Ellen: They have different performances in baseball at college, at high school, and in middle school, right?

Sarah: Exactly.

Ellen: Yeah, that's a really good analogy. Now, one of the things that I discovered to my regret. I hope it's improved by now. But for many years I would talk about the pipeline when I was, you know, back in the good old days when we actually appeared someplace to give a speech. And I’ll never do that even if it's possible because I'm too old to get on an airplane. So I once asked, I started to ask the audience, do you know what a pipeline is? 50% would raise their hands, the other 50% had no clue. So I always had to define the pipeline as a simple checklist of all the opportunities for a donation that are open, that have been where the process has started, but it hasn't ended and the mantra if you're gonna lose them anyway lose them early in the process.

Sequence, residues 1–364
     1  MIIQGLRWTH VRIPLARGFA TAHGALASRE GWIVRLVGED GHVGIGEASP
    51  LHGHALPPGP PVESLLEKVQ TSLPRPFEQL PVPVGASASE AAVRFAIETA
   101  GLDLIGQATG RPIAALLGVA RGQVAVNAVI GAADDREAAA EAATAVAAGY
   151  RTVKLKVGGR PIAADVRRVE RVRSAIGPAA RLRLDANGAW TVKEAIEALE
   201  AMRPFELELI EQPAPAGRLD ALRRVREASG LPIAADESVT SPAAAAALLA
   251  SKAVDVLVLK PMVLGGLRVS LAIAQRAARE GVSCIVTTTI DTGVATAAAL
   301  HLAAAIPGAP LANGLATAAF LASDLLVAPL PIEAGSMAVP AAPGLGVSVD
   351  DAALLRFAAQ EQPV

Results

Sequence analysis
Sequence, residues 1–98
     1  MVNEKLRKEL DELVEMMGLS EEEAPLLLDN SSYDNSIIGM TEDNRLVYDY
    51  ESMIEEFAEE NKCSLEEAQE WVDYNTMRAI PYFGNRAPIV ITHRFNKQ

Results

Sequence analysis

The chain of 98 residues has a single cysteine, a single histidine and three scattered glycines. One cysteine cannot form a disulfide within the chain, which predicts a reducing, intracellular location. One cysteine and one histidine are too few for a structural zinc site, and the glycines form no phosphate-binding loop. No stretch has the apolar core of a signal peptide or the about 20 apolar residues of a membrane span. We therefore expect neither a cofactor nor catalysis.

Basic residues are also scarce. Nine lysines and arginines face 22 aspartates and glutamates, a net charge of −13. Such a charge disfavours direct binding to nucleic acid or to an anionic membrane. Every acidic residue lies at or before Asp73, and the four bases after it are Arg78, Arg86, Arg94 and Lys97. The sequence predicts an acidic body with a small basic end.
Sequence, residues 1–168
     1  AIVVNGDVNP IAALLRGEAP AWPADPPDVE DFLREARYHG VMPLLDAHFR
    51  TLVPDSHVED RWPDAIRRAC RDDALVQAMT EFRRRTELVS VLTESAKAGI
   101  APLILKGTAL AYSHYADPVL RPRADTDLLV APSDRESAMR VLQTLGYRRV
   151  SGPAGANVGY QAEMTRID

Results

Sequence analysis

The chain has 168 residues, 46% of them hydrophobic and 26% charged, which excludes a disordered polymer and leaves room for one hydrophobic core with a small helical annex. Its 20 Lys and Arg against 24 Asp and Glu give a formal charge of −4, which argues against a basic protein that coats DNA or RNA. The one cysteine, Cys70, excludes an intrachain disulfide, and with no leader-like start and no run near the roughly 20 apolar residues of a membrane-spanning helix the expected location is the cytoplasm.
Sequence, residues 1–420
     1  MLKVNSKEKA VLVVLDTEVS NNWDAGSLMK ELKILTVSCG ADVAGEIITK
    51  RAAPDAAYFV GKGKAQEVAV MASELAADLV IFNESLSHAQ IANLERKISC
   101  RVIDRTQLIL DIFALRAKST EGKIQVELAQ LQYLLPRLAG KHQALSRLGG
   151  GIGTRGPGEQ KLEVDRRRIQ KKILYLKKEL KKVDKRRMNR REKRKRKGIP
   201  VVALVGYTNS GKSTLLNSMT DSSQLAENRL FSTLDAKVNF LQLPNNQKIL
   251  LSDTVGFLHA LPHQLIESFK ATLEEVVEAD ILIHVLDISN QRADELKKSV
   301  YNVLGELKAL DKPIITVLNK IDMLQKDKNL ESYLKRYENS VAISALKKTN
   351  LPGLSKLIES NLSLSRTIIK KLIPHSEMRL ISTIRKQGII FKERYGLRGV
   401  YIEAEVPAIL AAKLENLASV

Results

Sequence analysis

Sarah: Exactly. So it's like you know going on a date realizing it's, you know, done. Yeah good, great I'm only wasting one.

Ellen: We’d say, I'll have to check, see you later.

Sarah: Right exactly.

Ellen: So I started to think about this pipeline thing way back in the Pleistocene era when I was still selling mainframe  computers. I didn't get it. Maybe it's just my brain is shaped kind of funny, but the pipeline was presented to me as I was growing in my business career is: Did you do this? Did you do that? Did you stand on your head? Did you sing the university fight song? Did you take them to a topless bar? Did you…

Sarah: Yeah.